1. Pesto

Traditional pesto is a sauce made with fresh basil leaves, olive oil, Parmesan cheese, and pine nuts. 

Pesto is a good source of zinc — a mineral essential for immune health, wound healing, and developmental growth. A 1/4-cup (64-grams) serving of traditional pesto provides 8% of the Reference Daily Intake (RDI) for this mineral. 

The high zinc content of pesto makes it an excellent condiment for vegetarians. Vegetarians may need about 50% more zinc per day than non-vegetarians due to the reduced availability of plant-based zinc. 

You can add pesto to baked chicken, use it as a pasta sauce, or spread it on a sandwich or flatbread. 



2. Salsa

Salsa can be a great low-calorie condiment to add to your diet. Two tablespoons (30 ml) of salsa have only 10 calories. 

You can use salsa to spice up recipes like tacos, fajitas, or scrambled eggs. It’s also a healthy alternative to higher calorie salad dressings. 

In fact, replacing 2 tablespoons (30 ml) of regular ranch dressing with the same serving size of salsa saves you 119 calories. Just make sure to choose a salsa that is low in sodium and contains no added sugar for the most health benefits. 



3. Tahini

Tahini is a Middle Eastern sauce made from ground sesame seeds. 

It’s particularly rich in plant-based protein, with 2 tablespoons (30 ml) of tahini providing over 5 grams of this nutrient — or 8% of the RDI for a 175-pound (80kg) adult. 

Tahini is a great condiment to use for dipping veggies, in homemade salad dressings, or spreading on toast with a pinch of cinnamon for a balanced breakfast. 



4. Mustard

Mustard is a popular condiment, typically made from mustard seeds, distilled vinegar, garlic powder, turmeric, lemon juice, and salt. 

Mustard is low in calories, with 2 teaspoons (10 grams) of yellow mustard providing only 6 calories.  Additionally, most mustard contains the spice turmeric. Curcumin — a compound in turmeric — has shown strong anti-inflammatory benefits in many studies.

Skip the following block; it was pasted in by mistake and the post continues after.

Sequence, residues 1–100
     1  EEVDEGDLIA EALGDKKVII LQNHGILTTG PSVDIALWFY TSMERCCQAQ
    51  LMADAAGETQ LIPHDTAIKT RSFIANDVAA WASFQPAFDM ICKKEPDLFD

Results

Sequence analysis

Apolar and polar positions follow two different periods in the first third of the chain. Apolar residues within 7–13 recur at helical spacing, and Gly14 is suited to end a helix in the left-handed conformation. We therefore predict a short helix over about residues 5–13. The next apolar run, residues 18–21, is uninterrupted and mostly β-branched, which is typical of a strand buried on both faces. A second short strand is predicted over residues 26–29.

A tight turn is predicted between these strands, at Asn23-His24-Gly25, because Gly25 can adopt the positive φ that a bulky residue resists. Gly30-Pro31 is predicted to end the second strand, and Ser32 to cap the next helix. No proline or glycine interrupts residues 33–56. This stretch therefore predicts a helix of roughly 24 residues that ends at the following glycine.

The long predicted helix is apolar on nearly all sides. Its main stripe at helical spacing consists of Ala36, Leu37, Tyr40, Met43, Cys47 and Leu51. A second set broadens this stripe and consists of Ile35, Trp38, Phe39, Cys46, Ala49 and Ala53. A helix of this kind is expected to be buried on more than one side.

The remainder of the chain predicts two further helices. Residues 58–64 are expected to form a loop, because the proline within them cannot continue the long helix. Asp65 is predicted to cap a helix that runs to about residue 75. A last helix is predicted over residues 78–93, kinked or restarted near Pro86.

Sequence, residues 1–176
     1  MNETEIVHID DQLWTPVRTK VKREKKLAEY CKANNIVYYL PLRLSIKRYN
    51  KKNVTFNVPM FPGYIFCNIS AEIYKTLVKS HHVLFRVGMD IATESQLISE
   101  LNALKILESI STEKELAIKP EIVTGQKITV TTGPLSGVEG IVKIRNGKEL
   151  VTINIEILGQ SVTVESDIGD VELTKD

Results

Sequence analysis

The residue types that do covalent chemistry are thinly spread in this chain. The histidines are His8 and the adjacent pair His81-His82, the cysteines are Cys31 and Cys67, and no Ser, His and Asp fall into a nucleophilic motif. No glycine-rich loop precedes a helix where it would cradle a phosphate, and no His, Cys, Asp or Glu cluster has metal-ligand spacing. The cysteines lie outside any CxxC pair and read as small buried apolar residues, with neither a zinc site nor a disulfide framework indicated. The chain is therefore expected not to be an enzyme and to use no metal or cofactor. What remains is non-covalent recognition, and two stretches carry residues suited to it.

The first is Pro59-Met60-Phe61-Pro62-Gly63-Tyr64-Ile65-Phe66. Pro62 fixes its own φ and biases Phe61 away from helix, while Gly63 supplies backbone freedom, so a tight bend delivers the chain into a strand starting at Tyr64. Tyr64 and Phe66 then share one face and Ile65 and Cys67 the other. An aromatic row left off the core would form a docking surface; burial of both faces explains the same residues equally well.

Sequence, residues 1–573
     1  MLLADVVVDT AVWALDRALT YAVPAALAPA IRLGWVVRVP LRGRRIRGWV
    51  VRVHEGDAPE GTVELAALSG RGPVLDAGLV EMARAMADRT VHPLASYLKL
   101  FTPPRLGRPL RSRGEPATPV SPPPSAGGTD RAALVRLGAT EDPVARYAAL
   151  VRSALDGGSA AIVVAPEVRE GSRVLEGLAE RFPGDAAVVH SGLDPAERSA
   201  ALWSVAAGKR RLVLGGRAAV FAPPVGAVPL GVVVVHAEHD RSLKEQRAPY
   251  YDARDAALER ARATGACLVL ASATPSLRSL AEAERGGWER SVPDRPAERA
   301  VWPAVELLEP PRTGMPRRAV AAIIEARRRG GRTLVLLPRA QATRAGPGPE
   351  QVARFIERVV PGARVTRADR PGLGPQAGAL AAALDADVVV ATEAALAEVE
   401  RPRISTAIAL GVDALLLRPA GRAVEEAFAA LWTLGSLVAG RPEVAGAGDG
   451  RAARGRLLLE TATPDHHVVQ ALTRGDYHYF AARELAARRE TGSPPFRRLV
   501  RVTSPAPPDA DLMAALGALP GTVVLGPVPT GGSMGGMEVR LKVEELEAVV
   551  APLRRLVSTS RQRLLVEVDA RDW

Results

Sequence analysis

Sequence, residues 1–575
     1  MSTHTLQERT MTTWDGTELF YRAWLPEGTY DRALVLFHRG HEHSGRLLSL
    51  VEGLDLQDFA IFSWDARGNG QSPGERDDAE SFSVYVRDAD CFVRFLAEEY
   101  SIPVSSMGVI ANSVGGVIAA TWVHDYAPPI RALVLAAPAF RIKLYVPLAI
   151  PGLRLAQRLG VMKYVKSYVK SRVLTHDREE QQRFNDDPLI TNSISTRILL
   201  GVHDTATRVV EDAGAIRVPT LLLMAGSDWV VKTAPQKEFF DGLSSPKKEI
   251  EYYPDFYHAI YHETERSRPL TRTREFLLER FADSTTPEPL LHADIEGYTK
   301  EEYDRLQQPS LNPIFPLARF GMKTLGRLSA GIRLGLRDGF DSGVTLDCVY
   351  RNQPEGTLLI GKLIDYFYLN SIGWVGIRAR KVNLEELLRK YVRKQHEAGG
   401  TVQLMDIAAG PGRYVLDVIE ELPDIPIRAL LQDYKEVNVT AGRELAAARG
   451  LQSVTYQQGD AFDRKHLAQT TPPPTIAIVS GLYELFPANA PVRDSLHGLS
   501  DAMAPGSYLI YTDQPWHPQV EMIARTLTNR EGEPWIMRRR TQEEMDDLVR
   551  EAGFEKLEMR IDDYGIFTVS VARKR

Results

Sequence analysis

Besides using it as a condiment on your burgers, mustard is also a healthy addition to homemade salad dressings, marinades, and deviled eggs. Plus, you can brush mustard on salmon or chicken before broiling to make a flavorful crust. 



5. Kimchi

Kimchi is a popular Korean condiment made from fermented vegetables. There are many varieties of kimchi, but the main ingredients typically include cabbage, garlic, onion, chili pepper, and salt. 

Because the cabbage is fermented, kimchi is a great source of probiotics. These beneficial bacteria live in your gut and provide many health benefits. Eating probiotic-rich foods like kimchi may improve cholesterol levels, your immune system, and skin health.  

Kimchi can be used as a healthy condiment in stir-fry recipes, noodles, rice, or sandwich wraps. 



6. Hummus

Hummus is a tasty condiment made by blending chickpeas, tahini, garlic, olive oil, lemon juice, and salt. 

In addition to plant-based protein, hummus is also a great source of fiber, a nutrient that promotes feelings of fullness and healthy digestion. A 1/4 cup (62 grams) serving of hummus provides over 3 grams of fiber. What’s more, chickpeas are also a good source of magnesium and folate.